Posts Tagged ethnographic
Policing the City by Didier Fassin, Frederic Dubomy, Jake Raynal
Other Press, March 1, 2022. 112 p.
Academic reports can be dry and difficult to absorb by those who aren’t in academia. Adapted from the essay ‘Enforcing Order,’ this ethnographic presents information in a thoughtful, accessible and creative format. It’s a fascinating exploration of law and order.
What is ethnography? Ethnography is a three-pronged social science practice. First, it involves sharing the everyday lives of those people studied over a long period of time. Second, the ethnographer establishes relationships and gradually makes discoveries, interfering as little as possible in the outcomes. Finally, it’s a writing practice that may take the form of articles , books, films, photographs to communicate their findings.
Anthropologist and sociologist Didier Fassin spent 15 months in the mid-2000s observing an anti-crime squad in one of the largest precincts in the Paris region. The French people face many of the same challenges as those in the United States, particularly racism and police brutality against immigrants and minorities. Fassin wanted to understand the violence in these working-class, largely immigrant suburbs—“But more, perhaps, than the number of deaths, it is the police’s daily harassment of low-income groups and racial minorities and hence the experience of humiliation, discrimination, and violence, that leave the deepest marks in these communities.”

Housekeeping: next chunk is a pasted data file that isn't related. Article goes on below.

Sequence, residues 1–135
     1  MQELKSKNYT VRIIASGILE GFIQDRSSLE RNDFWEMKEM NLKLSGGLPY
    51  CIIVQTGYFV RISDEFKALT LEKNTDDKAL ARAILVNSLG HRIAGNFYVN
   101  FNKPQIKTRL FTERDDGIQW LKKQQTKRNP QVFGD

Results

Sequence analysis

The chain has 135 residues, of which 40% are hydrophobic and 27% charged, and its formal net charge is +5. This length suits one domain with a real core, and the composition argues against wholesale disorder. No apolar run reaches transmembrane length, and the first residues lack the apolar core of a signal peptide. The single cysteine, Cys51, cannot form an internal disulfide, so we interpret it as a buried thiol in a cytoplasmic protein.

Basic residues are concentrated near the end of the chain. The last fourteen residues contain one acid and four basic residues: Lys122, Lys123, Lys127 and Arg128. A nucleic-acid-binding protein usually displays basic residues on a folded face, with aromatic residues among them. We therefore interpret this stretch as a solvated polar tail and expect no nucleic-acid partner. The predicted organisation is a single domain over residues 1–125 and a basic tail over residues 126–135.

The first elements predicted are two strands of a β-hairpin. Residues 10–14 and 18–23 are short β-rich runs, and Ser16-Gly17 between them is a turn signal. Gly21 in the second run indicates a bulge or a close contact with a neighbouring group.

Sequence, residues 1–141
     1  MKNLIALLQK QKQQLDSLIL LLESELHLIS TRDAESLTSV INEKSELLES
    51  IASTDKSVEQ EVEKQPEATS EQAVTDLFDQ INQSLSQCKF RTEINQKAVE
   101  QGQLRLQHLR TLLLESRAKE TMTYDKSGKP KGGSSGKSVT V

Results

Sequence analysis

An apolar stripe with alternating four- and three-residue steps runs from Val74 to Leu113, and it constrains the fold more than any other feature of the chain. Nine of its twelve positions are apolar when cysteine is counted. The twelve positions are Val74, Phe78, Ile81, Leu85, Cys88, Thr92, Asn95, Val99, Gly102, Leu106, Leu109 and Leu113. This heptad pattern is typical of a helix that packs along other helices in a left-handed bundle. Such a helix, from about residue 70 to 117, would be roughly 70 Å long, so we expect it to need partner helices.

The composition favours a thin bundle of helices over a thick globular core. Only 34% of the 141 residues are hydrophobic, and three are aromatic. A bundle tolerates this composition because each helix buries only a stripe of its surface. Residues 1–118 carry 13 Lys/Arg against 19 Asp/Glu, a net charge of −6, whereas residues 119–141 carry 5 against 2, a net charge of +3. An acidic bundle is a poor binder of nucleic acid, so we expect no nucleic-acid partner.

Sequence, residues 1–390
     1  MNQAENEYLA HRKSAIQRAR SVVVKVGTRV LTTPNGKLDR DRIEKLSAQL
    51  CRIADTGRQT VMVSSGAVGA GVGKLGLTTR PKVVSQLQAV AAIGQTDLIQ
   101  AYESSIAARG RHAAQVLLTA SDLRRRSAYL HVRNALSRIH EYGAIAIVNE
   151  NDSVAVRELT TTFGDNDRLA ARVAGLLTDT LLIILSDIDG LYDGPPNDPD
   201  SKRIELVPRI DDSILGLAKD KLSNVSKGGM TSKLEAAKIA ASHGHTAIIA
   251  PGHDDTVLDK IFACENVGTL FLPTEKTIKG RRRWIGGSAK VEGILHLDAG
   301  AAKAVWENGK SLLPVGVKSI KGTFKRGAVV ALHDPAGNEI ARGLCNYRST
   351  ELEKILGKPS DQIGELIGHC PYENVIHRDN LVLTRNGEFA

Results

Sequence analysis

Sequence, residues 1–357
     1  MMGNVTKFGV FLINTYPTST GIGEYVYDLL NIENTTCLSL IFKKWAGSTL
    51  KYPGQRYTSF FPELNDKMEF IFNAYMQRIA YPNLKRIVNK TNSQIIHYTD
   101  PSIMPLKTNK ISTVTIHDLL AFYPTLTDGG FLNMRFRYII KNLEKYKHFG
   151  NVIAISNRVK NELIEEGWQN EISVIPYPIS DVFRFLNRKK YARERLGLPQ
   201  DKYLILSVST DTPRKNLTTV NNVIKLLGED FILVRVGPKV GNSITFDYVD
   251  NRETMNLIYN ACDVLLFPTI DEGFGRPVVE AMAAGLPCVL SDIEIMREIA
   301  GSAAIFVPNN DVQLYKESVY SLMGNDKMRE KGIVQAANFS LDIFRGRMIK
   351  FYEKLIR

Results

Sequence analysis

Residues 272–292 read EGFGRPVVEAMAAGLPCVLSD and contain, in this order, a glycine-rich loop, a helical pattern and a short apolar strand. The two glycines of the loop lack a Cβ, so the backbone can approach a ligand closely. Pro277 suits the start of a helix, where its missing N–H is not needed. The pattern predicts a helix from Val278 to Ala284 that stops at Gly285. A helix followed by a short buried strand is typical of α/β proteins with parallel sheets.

Not only an academic, Fassin had first-hand experience as a resident of this urban community. His son was targeted by the police. In Policing the City, we see everyday routine and rituals and how police departments sustain prejudices and systemic violence against these communities. Fassin found that the police believe that judges can be too lenient and on-street punishment compensates for that. Police officers operate like vigilantes. Eight out of 10 officers were from rural areas or small towns with little experience in urban areas, leading to prejudices and leads to tensions and clashes between the police and residents of housing projects. He also observed that police have been given a lot of power and autonomy. This development led to more anti-crime squads throughout France. There needs to be greater diversity in police recruitment. In the UK, unarmed beat officers become integrated into the community. In the United States, an armed officer patrolling in a car with a limited relationship with the public is the norm. That’s the established model most everywhere worldwide.